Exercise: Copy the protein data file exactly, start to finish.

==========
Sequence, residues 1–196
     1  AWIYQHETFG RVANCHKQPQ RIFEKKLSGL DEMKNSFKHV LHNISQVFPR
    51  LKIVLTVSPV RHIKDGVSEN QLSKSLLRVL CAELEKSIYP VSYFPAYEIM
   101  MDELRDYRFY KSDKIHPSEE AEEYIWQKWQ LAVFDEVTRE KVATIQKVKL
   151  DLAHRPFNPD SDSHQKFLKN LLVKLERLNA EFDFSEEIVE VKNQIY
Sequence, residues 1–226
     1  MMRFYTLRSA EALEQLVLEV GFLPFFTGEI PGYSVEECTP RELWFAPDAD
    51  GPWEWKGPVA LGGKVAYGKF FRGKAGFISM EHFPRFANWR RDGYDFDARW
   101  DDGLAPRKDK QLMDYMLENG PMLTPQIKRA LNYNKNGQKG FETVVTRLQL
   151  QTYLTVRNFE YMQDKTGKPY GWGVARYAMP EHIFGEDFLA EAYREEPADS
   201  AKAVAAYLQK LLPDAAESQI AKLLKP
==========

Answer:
Sequence, residues 1–196
     1  AWIYQHETFG RVANCHKQPQ RIFEKKLSGL DEMKNSFKHV LHNISQVFPR
    51  LKIVLTVSPV RHIKDGVSEN QLSKSLLRVL CAELEKSIYP VSYFPAYEIM
   101  MDELRDYRFY KSDKIHPSEE AEEYIWQKWQ LAVFDEVTRE KVATIQKVKL
   151  DLAHRPFNPD SDSHQKFLKN LLVKLERLNA EFDFSEEIVE VKNQIY
Sequence, residues 1–226
     1  MMRFYTLRSA EALEQLVLEV GFLPFFTGEI PGYSVEECTP RELWFAPDAD
    51  GPWEWKGPVA LGGKVAYGKF FRGKAGFISM EHFPRFANWR RDGYDFDARW
   101  DDGLAPRKDK QLMDYMLENG PMLTPQIKRA LNYNKNGQKG FETVVTRLQL
   151  QTYLTVRNFE YMQDKTGKPY GWGVARYAMP EHIFGEDFLA EAYREEPADS
   201  AKAVAAYLQK LLPDAAESQI AKLLKP